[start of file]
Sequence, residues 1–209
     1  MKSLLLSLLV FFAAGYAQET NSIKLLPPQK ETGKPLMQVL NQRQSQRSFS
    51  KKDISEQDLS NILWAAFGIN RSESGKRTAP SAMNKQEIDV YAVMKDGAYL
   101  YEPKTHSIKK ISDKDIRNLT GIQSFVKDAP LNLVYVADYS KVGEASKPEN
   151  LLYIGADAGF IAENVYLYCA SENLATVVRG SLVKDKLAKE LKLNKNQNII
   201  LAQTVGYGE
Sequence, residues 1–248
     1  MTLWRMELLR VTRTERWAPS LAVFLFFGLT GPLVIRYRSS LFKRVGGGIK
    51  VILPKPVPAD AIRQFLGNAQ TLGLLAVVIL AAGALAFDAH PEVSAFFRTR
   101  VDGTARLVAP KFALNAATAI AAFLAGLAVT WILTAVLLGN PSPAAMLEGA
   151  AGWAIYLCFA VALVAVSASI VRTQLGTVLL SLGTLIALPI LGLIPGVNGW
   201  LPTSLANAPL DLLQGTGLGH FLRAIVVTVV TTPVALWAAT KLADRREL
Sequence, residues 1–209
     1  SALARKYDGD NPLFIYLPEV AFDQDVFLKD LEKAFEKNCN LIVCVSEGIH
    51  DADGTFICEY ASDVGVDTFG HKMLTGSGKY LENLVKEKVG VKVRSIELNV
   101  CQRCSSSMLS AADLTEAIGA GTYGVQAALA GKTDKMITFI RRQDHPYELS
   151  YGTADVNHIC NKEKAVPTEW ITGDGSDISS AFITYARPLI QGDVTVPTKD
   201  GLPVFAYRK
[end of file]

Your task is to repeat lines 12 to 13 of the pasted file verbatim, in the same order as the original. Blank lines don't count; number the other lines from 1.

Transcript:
   201  LPTSLANAPL DLLQGTGLGH FLRAIVVTVV TTPVALWAAT KLADRREL
Sequence, residues 1–209